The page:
AZ Town Hall's Tucson meeting focusing on vulnerable Arizonans - Tucson News Now

AZ Town Hall's Tucson meeting focusing on vulnerable Arizonans

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TUCSON, AZ (Tucson News Now) -

When nearly half of Arizonans are considered to be one step away from going hungry or losing their homes or some other crisis, it's a problem that could affect everyone in the state.

The spring Arizona Town Hall meeting is tackling the issue of vulnerable Arizonans and how to help them and their communities become successful.

Town hall leaders say everyone is vulnerable to a certain extent.

For a family or individual there can be vulnerabilities in education, in access to resources, in financial situations, in access to food.

The Town Hall is looking for solutions to a huge number issues that have people so close to crisis.

We're told the Town Hall looks at root causes, not just the symptoms.

Arizona State University prepared the background report in advance of the meeting.

It points to a staggering number of root causes of vulnerability in Arizonans who range from children to elderly people.

Some statistics:

24% of people working in the state have low wage jobs.

57% of workers in Arizona have less than $25,000 in savings.

27% of Arizona's children are living in poverty.

The non-profit, non-partisan Arizona Town Hall is looking at ways to turn things around, but a point that has come out of the study is that solutions can't be one-size-fits-all.

Arizona Town Hall Board Chairman Scott Rhodes says there are degrees of vulnerability.

He says some people might need just a little assistance, while it's a different story for others.

"There are others that have so many factors because of their economic situation because of where they live, transportation issues and a whole host of other factors that no matter--they might fix one, but the others will still be there," Rhodes says.

A family can be one crisis away from homelessness or a student might not have access to that mentor who can be the difference between success and failure.

"Do they know people that are professionals? Do they know people that have gone to college? Do they know people that are giving them good advice about how to make these big decisions, especially if they're from families that don't have a history of going to college or holding professional jobs?" explains Arizona Town Hall Board of Directors Executive Committee Member Alberto Olivas.

He says in advance of this week's Town Hall in Tucson there were Future Leader Town Hall sessions with high school and university and community college students.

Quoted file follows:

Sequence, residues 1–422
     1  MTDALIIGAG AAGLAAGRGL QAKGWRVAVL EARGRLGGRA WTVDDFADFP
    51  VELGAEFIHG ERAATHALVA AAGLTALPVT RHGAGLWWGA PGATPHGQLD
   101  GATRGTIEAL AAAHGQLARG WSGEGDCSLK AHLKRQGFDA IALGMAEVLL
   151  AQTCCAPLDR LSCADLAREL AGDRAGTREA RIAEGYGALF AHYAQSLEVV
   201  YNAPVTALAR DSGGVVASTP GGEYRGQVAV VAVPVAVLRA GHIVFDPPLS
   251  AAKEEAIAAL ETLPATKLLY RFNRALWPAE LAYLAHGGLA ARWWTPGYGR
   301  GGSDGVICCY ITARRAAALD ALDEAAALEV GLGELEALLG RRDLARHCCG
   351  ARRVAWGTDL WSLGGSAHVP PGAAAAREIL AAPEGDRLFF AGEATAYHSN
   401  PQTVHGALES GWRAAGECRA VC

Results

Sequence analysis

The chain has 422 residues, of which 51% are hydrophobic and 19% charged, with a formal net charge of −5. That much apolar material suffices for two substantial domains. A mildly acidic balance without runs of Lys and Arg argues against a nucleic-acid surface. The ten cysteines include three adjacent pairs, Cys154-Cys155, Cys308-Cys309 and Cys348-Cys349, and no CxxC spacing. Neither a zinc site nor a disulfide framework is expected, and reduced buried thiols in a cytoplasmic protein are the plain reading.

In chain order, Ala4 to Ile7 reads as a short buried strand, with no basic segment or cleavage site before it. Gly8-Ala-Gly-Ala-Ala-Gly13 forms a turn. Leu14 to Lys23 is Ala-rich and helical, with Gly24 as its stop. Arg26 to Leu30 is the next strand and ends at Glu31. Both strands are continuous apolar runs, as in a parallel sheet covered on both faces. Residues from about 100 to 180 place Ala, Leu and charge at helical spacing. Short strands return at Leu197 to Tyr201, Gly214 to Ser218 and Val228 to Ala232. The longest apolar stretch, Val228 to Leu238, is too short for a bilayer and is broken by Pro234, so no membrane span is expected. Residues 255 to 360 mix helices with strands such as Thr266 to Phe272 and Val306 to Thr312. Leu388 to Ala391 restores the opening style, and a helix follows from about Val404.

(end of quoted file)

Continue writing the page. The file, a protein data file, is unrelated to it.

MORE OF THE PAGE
Olivas says the students had specific ideas about what could make a big difference for them and their families.

"A lot of it comes down to being aware of information and resources that can help people, either in crisis or to avoid getting into crisis. But I think what was striking for me was that a lot of them talked about the awareness of how precarious their and their families'--their situations are. How that affects their decision-making. Whether or not to take this job or that job, whether or not to go to college, or what college to got to because of the fear of incurring a lot of debt or whether or not they'll be able to be successful in that field or whether they know anyone that has done it before," Olivas says.

Issues can start early, with children in families where education not valued.

However, even when education is of high value, there can be problems with the potential to snowball.

"There are some who rely on way too much debt to get through school. We're hearing that many many students are borrowing heavily to get through school and then they move into vocations where they have no realistic prospect of being able to repay the debt. So the seeds of future vulnerability are being planted, you might say, at a very young age," says Arizona Town Hall Board of Directors Executive Committee Member Richard Morrison.

Arizona Town Hall Participants also tackled issues of drug addiction and of veterans returning home and finding it difficult to get a job, to name a few.

Town hall participants come from all over the state, from all walks of life, and they come with ideas.

The Town Hall will have follow-up sessions as the process moves forward.

To see the study on who else is vulnerable in Arizona click here (PDF).

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